“Kink” is classic Scandal, one of the show’s many installments about a “woman of loose morals.” This time it’s Suzanne Thomas, who has written a shocking tell-all about the Washington power brokers with whom she’s indulged her inner-Quagmire, and Olivia is slut-shaming her. The slut-shame grows out of what passes for good intentions in Scandal. One of Sue’s playmates is Leo Berger, a.k.a. The Dustbuster, so Olivia is working to contain the book to help Abby avoid a potentially career-killing humiliation. Despite being an Olivia Pope superfan—a nod to Dunham’s real-life obsession with the show—Sue lights into Olivia for having the audacity to play the shame card. It’s not new ground for Scandal, but Matt Byrne’s script is well-done, and Sue’s tirade is magnificent. It’s lean and packed with gems, and was the first sign that Dunham didn’t come to OPA to screw around.

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The Sue speech is startlingly similar to a lot of speeches Olivia has given, including her defense of Karen in “Like Father, Like Daughter.” Often in Scandal, either a woman or her proxy ends up righteously declaring the woman’s right to plentiful, mind-bending orgasms, because girl power. And when it happens, it feels exhilarating, empowering, and subversive. The thing is though, Huck has never monologued about the time he licked Quinn’s face. He’s never had to explain what it means that he became sexually aroused by terrorizing and torturing a woman to whom he has a personal relationship. Nor do any of the men Sue slept with take the opportunity to monologue about why they saw fit to cheat on their spouses or imperil their very public jobs. As cool as Sue’s speech was, it exposed Scandal as a show in which women proffer lengthy, rhythmic apologies for behavior men don’t have to give much thought to at all. This has always been the case, but it becomes much more glaring in a episode wherein a young, single woman has to provide rationale for her sexual proclivities, then gets her throat slashed by a guy who licked a woman’s face while he was torturing her and hasn’t had much to say about it since.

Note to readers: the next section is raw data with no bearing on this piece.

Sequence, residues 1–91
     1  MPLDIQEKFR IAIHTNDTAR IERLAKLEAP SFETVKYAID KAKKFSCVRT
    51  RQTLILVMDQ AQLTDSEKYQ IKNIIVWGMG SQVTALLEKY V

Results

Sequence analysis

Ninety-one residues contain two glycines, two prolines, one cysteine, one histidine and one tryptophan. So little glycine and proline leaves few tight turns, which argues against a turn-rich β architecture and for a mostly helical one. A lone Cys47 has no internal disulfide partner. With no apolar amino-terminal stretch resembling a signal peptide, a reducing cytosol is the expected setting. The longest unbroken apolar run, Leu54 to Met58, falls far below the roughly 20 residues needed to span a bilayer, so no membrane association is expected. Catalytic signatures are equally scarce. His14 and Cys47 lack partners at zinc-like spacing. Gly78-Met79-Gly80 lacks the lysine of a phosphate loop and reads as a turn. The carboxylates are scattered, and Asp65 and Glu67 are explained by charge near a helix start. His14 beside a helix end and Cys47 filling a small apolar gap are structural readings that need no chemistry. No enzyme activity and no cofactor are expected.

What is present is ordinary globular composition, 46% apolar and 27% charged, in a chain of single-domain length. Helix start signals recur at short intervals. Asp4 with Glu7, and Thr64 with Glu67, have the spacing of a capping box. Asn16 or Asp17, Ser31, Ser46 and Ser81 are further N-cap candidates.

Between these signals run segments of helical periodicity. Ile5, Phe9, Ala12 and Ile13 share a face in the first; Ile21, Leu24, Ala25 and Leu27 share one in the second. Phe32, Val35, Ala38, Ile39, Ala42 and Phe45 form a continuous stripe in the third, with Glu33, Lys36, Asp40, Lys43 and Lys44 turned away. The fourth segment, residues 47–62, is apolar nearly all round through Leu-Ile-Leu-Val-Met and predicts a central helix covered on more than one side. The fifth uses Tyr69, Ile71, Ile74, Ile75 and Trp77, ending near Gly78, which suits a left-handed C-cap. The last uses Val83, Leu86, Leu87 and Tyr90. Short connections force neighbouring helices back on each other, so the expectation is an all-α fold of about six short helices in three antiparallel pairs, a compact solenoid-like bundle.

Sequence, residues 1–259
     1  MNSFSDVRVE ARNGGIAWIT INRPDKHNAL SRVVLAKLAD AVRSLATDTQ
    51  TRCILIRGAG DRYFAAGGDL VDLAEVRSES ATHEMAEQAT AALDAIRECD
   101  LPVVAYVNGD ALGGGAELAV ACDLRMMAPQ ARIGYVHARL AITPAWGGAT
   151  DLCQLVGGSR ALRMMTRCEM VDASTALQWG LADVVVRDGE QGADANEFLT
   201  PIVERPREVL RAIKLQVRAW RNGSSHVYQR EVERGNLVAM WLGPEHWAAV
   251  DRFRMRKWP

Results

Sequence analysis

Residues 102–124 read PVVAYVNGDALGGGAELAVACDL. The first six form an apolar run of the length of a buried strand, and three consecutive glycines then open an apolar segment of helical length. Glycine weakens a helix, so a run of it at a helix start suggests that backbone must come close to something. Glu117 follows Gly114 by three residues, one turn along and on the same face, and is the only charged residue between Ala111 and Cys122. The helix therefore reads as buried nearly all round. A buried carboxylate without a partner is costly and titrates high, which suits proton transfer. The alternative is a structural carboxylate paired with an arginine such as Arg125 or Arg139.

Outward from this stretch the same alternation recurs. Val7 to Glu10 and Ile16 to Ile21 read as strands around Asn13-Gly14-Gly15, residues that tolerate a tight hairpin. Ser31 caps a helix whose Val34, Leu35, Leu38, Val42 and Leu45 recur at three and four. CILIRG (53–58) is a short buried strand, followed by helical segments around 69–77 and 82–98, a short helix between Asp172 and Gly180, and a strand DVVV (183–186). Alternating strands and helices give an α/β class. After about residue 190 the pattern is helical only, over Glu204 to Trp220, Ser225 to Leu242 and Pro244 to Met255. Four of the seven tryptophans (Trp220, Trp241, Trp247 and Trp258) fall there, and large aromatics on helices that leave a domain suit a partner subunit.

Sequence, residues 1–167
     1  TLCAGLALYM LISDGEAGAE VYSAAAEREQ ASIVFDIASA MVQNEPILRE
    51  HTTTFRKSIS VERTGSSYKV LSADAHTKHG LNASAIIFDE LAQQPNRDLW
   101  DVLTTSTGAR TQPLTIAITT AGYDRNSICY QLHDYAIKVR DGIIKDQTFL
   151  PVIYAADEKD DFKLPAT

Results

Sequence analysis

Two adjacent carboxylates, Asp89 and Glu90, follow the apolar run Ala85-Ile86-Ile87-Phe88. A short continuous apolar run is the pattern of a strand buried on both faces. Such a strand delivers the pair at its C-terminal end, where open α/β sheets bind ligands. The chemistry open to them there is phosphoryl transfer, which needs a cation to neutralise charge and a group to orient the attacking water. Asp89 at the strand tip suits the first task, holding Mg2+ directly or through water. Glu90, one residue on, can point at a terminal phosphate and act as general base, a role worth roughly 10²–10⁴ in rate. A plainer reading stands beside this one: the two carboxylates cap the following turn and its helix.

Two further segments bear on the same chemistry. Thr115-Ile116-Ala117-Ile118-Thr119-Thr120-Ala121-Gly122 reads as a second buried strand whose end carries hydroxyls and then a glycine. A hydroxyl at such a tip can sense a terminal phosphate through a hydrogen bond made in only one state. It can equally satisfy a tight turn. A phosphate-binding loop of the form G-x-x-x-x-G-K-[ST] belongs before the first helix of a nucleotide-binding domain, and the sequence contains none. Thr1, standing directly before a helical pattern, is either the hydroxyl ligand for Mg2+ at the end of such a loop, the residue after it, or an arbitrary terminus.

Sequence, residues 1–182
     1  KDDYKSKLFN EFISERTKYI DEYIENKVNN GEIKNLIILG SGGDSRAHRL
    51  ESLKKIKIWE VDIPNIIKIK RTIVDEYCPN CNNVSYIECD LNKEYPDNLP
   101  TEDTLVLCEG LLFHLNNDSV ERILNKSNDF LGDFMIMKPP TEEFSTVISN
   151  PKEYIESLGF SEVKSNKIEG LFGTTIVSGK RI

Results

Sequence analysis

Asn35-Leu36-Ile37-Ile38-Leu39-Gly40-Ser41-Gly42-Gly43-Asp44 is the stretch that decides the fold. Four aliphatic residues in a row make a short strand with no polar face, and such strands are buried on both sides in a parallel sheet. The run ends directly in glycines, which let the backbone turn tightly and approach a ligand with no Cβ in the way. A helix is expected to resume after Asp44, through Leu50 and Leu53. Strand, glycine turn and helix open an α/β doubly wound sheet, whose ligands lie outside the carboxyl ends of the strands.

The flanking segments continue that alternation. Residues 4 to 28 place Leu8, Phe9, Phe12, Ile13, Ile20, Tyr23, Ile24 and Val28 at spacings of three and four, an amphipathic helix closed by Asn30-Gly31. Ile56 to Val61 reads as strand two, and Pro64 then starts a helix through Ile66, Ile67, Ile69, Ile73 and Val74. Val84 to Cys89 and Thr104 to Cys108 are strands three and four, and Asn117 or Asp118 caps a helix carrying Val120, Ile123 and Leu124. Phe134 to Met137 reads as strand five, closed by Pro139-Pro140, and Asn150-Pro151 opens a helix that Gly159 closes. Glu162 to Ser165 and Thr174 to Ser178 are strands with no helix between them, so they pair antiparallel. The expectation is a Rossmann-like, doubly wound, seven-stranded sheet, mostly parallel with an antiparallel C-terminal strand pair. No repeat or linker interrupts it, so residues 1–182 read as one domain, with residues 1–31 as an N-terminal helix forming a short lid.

If the face lick was one shoe dropping, the Sue incident is another, and at this point, I can’t imagine a scenario in which Huck remains a character indefinitely. Writing Guillermo Diaz out of the show would be tricky to pull off with Harrison dead, Abby at the White House and OPA down to a trio. But “Kink” accomplished what it hoped to with Sue by inviting the audience to scoff at her, then building empathy by revealing she was terminated by her boss for rejecting his sexual advances. After rescuing Sue from one of her lovers wielding a knife, Huck slashes her throat himself to keep her quiet, thereby ensuring David Rosen, a.k.a DR, can give him an immunity deal. Who conceals that information from Olivia? The woman whose face Huck licked while he was torturing her, of course. If Quinn won’t turn on Huck, fine, but I’m done.